TLDR: This is embarrassingly bad statistical analysis on Wired's part. Proper replacement headline options:
Child Vaccination Rates Follow Normal Distribution
Study Shows Silicon Valley Parenting Is Average
Now, on to dissection. A direct quote form the article:
Of 12 day care facilities affiliated with tech companies, six—that’s
half—have below-average vaccination rates, according to the state’s
Full stop right here. Think for a moment on this question: what percentage of people have below-average intelligence?
What does average mean? Statistically, average is the typical, most representative score. In a normal distribution, approximately half the scores will be above the average while approximately half will be below.
So, how many day care facilities should we expect to have below-average vaccination rates? About half. And how many will have above-average rates? Um, about half. And what does the chart say?
Quick, new headline:
The Amazingly High Vaccination Rates at Silicon Valley Day Cares
After all, half of all silicon valley day cares have above-average vaccination rates, right?
OK, perhaps I'm being overly harsh here about a minor...total demonstrated lack of understanding of statistics that should be part of the first four weeks of an undergraduate course in statistics. Maybe it's just a silly error.
Later they claim one terrible daycare has only a ~40% immunization rate, which is obviously a very significantly low score. Why is it that one so low?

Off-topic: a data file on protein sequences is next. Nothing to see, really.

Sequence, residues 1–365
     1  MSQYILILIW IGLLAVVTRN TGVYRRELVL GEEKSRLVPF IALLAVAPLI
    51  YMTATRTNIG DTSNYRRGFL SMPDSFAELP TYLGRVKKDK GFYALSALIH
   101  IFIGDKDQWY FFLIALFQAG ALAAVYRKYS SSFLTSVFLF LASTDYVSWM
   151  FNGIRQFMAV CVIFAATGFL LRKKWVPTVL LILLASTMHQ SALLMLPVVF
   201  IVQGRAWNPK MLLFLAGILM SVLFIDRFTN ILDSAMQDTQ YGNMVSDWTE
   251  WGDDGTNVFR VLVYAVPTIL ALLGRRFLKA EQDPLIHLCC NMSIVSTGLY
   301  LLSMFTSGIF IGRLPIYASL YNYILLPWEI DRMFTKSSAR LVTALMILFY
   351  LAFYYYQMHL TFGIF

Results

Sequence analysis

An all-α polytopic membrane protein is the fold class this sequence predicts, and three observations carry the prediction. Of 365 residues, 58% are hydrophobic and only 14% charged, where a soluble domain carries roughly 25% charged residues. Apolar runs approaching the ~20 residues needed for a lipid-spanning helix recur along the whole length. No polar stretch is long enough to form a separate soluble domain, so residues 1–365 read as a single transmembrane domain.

But Google has a simple explanation—a representative chalked it up to
old data. “In 2013-2014, these two childcare facilities had
immunization rates of 98 percent and 81 percent,” says a Google
spokesperson, emphasizing that immunization is important to the
company. “The reported numbers for the current year are lower simply
because many parents have not yet provided updated immunization
records. We’ve asked them all to do this, so we can update the
If this claim is true, then the previous year immunization rate was extremely high and should have a headline of how great Google Parents are at vaccinating their kids. Yet the present rate has said to have fallen to half the previous year levels? That's not a statistical trend - that can only be explained by throwing out half the kids and getting a whole new set with extra-ordinarily low rates of vaccination. Is that claimed in the article?
No, and the writer of the article doesn't claim - or apparently investigate - if this perfectly reasonable sounding explanation is true or not.
Furthermore, there is another glaring error in the article - all throughout the article it cites information as being direct, these-kids-definitely-aren't-vaccinated - but that's not apparently the case! The data refers to the percentage of parents who have provided medical documentation establishing that their child has been vaccinated to their childcare facility. Big brother isn't in play here - Wired Magazine does not have access to private medical records. The report of evidence is not on child vaccination, but on paperwork.
So finally, I propose the best possible headline that this report and data as written can possible support:
Parents In Silicon Valley Don't Keep Up On Bureaucratic Paperwork That Does Not Clearly Impact the Safety Or Health of Their Children
Governmental Data Too Out Of Date And Incomplete To Draw Wide-Reaching, Judgmental, Damning Conclusions
Now there's an article I can get behind. I obviously have no future in journalism.